For many of us, there’s no denying that the pandemic significantly reshaped how we work. According to a 2020 survey conducted by the National Bureau of Economic Research, at least 35.2% of Americans who were commuting before the pandemic are now working fully remote.1 And that number is even higher for formerly commuting workers who claim that their jobs can be done primarily from home, with 71% of those individuals now working mostly (or entirely) remotely.2
As working from home (WFH) becomes part of our new normal, the lines between work and home are becoming increasingly blurred. Although working from anywhere in your home may sound pretty amazing in theory, it can have some pretty serious implications for your sleeping habits over time. In this guide, we’ll explore what causes WFH sleep issues and offer simple yet effective solutions to help you fall asleep and wake up feeling refreshed.
Can Working From Home Affect My Sleep?
Remote working (the act of working from your home or a location other than your usual office environment) is here to stay. According to a Pew Research Center survey, 54% of WFH candidates said they’d prefer working from home post-pandemic if given the option. But like anything else, WFH has its pros and cons, since 26% of those surveyed also reported new challenges with managing their work-life balance and responsibilities.2
These work environment changes can have a trickle-down effect, especially when it comes to your sleep health. Here’s a few reasons why working from home can be disruptive to your sleep schedule.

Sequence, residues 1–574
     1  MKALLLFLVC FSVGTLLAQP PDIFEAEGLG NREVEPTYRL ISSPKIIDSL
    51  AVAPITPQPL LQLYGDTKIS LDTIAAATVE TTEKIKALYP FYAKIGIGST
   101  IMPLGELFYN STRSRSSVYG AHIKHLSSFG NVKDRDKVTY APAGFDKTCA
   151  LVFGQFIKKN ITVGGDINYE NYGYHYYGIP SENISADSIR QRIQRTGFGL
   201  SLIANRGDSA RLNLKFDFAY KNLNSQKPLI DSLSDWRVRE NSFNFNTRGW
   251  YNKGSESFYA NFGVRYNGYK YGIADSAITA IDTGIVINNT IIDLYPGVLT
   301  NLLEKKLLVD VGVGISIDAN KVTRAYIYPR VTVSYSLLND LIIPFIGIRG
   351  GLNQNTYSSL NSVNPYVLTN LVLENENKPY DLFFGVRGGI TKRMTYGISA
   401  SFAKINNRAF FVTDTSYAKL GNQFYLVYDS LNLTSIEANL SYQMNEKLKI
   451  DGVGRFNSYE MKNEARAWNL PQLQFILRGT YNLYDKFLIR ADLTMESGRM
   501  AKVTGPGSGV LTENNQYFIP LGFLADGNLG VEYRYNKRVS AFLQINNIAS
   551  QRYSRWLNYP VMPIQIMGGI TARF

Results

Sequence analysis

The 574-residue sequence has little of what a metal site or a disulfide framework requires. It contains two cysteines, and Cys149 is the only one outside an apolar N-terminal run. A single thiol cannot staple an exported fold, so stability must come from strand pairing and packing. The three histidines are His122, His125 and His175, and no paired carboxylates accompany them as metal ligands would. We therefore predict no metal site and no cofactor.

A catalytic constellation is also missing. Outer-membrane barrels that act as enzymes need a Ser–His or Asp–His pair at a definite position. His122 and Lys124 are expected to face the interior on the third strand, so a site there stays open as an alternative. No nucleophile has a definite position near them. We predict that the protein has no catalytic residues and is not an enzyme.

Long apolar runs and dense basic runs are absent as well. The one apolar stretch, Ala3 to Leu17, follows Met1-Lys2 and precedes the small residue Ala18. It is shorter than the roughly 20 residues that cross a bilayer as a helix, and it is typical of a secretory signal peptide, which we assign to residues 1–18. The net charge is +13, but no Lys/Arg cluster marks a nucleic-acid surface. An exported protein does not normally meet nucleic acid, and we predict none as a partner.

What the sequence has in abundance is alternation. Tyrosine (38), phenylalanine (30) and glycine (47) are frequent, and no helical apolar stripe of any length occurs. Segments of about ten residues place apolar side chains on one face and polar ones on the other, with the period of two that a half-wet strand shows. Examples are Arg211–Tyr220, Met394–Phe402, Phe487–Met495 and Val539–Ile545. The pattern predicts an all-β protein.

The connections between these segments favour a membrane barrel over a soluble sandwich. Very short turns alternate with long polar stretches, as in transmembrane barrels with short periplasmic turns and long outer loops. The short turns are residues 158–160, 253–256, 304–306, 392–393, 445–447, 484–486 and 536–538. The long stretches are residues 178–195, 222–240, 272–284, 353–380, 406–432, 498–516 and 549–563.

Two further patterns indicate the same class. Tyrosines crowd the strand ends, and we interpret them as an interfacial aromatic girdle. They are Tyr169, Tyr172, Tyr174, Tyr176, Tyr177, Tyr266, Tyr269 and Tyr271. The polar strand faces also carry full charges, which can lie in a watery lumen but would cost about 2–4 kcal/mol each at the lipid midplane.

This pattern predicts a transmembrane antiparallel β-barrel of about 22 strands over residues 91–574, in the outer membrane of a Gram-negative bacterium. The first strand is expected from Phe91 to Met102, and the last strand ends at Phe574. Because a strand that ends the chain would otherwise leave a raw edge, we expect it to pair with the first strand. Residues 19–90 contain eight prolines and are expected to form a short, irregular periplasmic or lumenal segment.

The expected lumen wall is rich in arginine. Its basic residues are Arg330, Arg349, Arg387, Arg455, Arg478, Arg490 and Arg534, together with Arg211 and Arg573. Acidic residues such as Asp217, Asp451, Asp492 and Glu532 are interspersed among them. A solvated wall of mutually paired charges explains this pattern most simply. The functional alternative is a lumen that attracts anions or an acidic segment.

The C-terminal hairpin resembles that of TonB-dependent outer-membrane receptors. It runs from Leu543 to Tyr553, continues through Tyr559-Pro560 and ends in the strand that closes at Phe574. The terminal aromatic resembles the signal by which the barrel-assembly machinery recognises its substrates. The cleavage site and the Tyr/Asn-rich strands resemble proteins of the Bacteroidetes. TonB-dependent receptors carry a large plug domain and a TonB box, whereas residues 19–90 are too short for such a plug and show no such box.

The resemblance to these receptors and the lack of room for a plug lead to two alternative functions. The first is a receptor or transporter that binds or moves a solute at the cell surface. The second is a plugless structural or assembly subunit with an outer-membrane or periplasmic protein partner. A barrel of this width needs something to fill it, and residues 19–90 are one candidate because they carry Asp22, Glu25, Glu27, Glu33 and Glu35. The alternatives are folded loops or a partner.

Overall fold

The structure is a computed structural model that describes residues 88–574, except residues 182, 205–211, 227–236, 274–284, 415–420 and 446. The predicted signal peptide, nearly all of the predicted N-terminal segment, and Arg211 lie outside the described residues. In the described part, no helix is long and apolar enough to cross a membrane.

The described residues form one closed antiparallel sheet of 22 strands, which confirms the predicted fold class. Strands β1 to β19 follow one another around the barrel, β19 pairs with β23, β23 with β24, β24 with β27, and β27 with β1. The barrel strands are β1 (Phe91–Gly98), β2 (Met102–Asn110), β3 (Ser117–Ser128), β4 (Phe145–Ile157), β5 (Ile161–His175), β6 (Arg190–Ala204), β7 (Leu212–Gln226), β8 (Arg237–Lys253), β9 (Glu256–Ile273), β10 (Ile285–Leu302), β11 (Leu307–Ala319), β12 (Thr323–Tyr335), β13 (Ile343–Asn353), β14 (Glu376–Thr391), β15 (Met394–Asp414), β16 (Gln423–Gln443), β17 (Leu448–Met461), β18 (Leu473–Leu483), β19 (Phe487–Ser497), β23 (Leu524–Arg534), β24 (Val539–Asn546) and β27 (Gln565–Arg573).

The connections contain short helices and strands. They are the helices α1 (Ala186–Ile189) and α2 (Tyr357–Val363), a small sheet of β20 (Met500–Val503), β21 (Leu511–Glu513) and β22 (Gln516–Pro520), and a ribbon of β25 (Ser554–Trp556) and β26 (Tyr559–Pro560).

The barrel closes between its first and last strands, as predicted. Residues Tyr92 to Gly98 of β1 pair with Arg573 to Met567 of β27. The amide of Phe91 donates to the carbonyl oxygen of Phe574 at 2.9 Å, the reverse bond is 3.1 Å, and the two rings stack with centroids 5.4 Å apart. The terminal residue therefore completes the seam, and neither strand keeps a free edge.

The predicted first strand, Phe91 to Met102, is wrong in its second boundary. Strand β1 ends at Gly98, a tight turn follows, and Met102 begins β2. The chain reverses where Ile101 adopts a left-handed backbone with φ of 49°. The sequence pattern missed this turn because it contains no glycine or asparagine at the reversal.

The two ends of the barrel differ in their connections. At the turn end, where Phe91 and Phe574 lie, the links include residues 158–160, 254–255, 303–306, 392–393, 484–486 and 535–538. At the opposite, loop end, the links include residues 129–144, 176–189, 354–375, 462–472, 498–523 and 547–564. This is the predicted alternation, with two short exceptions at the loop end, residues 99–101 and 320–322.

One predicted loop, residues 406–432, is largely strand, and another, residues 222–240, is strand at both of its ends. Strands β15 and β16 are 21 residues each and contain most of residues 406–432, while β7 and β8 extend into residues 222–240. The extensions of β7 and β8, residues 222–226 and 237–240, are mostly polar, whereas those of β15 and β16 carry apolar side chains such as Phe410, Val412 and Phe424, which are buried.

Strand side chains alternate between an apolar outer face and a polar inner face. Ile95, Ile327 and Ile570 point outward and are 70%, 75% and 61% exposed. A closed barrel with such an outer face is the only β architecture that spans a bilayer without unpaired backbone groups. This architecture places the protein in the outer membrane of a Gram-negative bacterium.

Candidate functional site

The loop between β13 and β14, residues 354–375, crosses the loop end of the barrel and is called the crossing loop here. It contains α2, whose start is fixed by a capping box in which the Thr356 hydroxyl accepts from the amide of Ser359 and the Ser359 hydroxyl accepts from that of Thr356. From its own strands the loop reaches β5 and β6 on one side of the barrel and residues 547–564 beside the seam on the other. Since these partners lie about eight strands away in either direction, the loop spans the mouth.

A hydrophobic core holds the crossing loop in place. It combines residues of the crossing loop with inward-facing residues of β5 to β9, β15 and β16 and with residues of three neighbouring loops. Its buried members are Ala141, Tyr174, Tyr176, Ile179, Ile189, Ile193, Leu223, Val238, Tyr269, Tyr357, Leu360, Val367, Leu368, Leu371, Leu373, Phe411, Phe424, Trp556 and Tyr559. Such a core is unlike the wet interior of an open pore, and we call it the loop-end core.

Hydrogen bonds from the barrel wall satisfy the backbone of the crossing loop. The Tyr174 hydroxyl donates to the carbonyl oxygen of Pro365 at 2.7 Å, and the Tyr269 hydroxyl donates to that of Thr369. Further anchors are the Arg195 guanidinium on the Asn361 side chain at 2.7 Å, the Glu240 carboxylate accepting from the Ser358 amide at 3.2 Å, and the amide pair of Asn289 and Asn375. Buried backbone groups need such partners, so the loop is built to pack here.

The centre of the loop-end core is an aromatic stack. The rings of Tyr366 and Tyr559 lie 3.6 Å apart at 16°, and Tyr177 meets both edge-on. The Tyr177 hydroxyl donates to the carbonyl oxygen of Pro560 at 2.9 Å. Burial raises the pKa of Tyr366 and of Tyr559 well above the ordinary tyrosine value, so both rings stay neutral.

Changes to your normal sleep routine
For many workers, the transition to working from home for the first time was a huge adjustment. Adapting to it not only takes some time, it can impact your normal sleeping habits as well. For example, many people find themselves waking up later—without the need for their usual daily commute— leading them to work later into the night as a result.
Pressure to always stay “connected”
With high-speed Internet and WFH tools like video conferencing at home, it can be difficult to know when to sign off and fully unplug. Working from home can bring with it the pressure to be constantly online, making it increasingly difficult to uphold healthy work-life boundaries and swap “work mode” for “sleep mode.” This added pressure can also potentially affect your ability to fall asleep at night if you find yourself overworked (also known as remote work burnout) or stressed out over WFH expectations.
Confronting new daytime distractions
At least 50% of parents with children younger than 18 have reported finding it more challenging to work with all the interruptions of home life, according to one survey.2 Increased daytime distractions can cause remote workers to compensate by working late into the night, which can result in the loss of valuable sleep or difficulty falling asleep.
Increased screen time
With face-to-face interactions more commonly replaced by screens, there has also been a sizable increase in the average amount of blue light exposure people are experiencing—a known sleep disruptor. Current research shows that the blue light from your electronic devices, particularly in the evening, impacts your ability to fall asleep and sleep soundly by shifting your natural circadian rhythm (also known as your body’s internal clock).3
How To Improve Sleep When Working From Home
If you suspect that WFH sleep problems have been creeping up on you lately, you’re certainly not alone. Follow these remote working sleep tips that can help you enjoy a more restful sleep and better work-life balance.
In order to help establish a healthy WFH routine that won’t impact your sleep, you’ll need to put some boundaries in place. Make sure your working hours are clear and let your colleagues know when you won’t be reachable. You can also try putting your phone on “Do Not Disturb” mode so that you won’t be tempted to answer work-related messages during your resting time.